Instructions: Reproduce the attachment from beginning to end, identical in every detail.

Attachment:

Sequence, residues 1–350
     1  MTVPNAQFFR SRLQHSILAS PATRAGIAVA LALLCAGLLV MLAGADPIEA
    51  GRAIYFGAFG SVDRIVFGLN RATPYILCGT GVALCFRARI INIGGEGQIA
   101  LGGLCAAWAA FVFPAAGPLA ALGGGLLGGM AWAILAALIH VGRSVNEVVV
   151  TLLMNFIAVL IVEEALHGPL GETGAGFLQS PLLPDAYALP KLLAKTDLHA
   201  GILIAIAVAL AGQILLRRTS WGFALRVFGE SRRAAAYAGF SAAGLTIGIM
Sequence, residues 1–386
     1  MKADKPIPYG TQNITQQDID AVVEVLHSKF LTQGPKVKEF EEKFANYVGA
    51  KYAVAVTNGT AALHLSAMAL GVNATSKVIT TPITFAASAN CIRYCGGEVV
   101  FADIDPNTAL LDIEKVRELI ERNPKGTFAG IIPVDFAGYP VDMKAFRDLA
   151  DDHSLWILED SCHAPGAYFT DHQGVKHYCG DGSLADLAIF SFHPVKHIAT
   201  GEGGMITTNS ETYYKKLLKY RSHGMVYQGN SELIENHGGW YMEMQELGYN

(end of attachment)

Sequence, residues 1–350
     1  MTVPNAQFFR SRLQHSILAS PATRAGIAVA LALLCAGLLV MLAGADPIEA
    51  GRAIYFGAFG SVDRIVFGLN RATPYILCGT GVALCFRARI INIGGEGQIA
   101  LGGLCAAWAA FVFPAAGPLA ALGGGLLGGM AWAILAALIH VGRSVNEVVV
   151  TLLMNFIAVL IVEEALHGPL GETGAGFLQS PLLPDAYALP KLLAKTDLHA
   201  GILIAIAVAL AGQILLRRTS WGFALRVFGE SRRAAAYAGF SAAGLTIGIM
Sequence, residues 1–386
     1  MKADKPIPYG TQNITQQDID AVVEVLHSKF LTQGPKVKEF EEKFANYVGA
    51  KYAVAVTNGT AALHLSAMAL GVNATSKVIT TPITFAASAN CIRYCGGEVV
   101  FADIDPNTAL LDIEKVRELI ERNPKGTFAG IIPVDFAGYP VDMKAFRDLA
   151  DDHSLWILED SCHAPGAYFT DHQGVKHYCG DGSLADLAIF SFHPVKHIAT
   201  GEGGMITTNS ETYYKKLLKY RSHGMVYQGN SELIENHGGW YMEMQELGYN